ZipPy status update

Wei Zhang ndrzmansn at
Sat Dec 21 23:44:58 PST 2013

Hi Stefan,

> The second difference I see is that you have a `prepareBodyNode()` operation that rewrites local variable access nodes. Why is that necessary?

Inlined function in ZipPy has its own copy of the FrameDescriptor. I
did this to make sure that it doesn't share any frame state with the
original function.
'prepareBodyNode()' updates local variable accesses to use the new
It is just a correctness thing.

I'm actually curious about how easy/difficult was it for you to use RPython?
Compare to Truffle was it easier to get the performance that you are
happy with? or you also got some help from the PyPy guys?



On Fri, Dec 20, 2013 at 11:55 PM, Stefan Marr <java at> wrote:
> Hi Wei:
> On 21 Dec 2013, at 01:45, Wei Zhang <ndrzmansn at> wrote:
>> Only functions that close over its declaration frame (closures) use
>> PArguments#declarationFrame. This doesn't happen so often in my
>> benchmarks.
>> In most cases, zippy accesses local variable using VirtualFrames,
>> which is optimized by Truffle/Graal.
> Well, closures are much more common in Smalltalk, I think.
>>> I do wonder, what is the typical granularity of a Python method?
>>> At least in SOM, methods seem to be rather small. Perhaps a few AST nodes on average.
>>> Could that make a difference?
>> Zippy inlines function calls when they become hot. Inlining helps
>> performance a lot.
>> I strongly recommend you to apply inlining in TruffleSOM if you haven’t yet.
> TruffleSOM does inlining. I only see two difference when browsing your code.
> The first should actually be a benefit for TruffleSOM: I also inline trivial methods immediately,  i.e., if a method just contains a literal or something similar, it is directly inlined without even a function call overhead, only protected by a polymorphic inline cache check node.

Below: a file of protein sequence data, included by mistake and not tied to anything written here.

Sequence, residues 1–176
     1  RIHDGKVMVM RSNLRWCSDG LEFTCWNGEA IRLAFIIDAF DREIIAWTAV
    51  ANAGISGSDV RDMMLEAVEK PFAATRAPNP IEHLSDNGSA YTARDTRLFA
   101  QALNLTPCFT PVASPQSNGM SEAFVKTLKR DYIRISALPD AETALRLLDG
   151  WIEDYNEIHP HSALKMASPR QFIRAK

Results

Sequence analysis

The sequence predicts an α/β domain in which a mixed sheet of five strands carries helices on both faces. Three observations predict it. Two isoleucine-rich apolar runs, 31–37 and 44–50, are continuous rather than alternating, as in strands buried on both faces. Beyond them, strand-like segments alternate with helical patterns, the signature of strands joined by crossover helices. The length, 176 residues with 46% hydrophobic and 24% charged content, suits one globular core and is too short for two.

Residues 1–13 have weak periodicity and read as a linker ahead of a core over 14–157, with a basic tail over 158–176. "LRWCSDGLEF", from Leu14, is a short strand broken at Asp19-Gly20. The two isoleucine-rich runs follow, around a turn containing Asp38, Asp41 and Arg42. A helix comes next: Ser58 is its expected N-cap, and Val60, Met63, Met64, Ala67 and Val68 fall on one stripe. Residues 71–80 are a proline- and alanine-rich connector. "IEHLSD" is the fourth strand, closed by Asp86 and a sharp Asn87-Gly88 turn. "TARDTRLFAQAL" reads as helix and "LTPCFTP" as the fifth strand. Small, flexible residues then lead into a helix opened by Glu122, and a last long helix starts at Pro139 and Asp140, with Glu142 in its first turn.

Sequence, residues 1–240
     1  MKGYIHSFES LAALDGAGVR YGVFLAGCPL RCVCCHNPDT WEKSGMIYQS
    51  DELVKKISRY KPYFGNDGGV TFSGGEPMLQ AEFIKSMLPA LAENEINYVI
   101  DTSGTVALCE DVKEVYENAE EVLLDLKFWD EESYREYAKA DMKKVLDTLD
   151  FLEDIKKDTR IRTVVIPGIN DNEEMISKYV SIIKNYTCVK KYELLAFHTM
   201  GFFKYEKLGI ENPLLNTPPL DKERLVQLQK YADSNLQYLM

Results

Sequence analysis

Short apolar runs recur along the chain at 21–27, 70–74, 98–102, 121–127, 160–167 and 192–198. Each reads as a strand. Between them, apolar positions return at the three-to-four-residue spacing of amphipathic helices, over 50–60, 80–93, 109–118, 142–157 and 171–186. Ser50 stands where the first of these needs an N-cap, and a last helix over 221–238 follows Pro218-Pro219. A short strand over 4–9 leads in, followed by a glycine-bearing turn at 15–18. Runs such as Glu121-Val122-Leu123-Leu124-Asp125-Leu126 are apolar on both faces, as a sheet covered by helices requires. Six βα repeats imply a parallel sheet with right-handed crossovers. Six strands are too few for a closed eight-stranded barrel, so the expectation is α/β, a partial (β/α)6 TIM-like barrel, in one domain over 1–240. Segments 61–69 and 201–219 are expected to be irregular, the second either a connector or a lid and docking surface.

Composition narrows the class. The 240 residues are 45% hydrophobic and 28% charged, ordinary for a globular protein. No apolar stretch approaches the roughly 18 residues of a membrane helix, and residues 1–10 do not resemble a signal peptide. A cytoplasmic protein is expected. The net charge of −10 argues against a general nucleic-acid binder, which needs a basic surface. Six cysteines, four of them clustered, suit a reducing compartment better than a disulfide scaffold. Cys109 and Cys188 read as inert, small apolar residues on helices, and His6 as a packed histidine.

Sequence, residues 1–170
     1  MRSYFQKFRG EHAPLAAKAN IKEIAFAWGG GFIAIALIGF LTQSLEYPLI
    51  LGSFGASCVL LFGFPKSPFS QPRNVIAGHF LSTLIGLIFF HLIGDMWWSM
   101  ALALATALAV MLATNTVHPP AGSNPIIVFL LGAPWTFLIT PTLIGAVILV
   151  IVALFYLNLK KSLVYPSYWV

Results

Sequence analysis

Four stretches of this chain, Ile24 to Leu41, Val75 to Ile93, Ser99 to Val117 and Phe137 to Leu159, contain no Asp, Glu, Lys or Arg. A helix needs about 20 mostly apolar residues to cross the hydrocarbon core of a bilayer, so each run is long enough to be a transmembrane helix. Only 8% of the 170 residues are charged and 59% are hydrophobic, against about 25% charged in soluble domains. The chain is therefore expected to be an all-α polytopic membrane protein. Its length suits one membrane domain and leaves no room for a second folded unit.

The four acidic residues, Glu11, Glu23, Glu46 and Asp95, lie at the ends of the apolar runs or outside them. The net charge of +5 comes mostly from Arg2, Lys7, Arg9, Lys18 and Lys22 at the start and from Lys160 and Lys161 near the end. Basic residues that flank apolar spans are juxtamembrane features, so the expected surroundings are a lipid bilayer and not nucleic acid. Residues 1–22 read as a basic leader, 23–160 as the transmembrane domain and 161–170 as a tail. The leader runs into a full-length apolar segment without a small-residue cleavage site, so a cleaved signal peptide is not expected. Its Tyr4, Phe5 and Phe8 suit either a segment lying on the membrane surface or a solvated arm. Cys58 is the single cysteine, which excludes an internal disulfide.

> The second difference I see is that you have a `prepareBodyNode()` operation that rewrites local variable access nodes. Why is that necessary?
>>> Another detail I noticed is that you are using another strategy for type handling in the type system. You use a combination of @TypeCheck and @TypeCast, while I use @ImplicitCast.
>>> What is the difference of these two approaches?
>> I use @TypeCheck and @TypeCast to customize type checks and
>> conversions in ZipPy. I just followed the SimpleLanguage examples in
>> Truffle API.
>> @ImplicitCast is new to me. I don't know how to use it, since there
>> isn’t any related document or example.
> There is a tiny example in SimpleLanguage… That’s where I took it from. But I have the feeling the generated code when using @TypeCheck and @TypeCast looks quite a bit simpler.
> Thanks for the comments
> Stefan
> --
> Stefan Marr
> Software Languages Lab
> Vrije Universiteit Brussel
> Pleinlaan 2 / B-1050 Brussels / Belgium
> Phone: +32 2 629 2974
> Fax:   +32 2 629 3525

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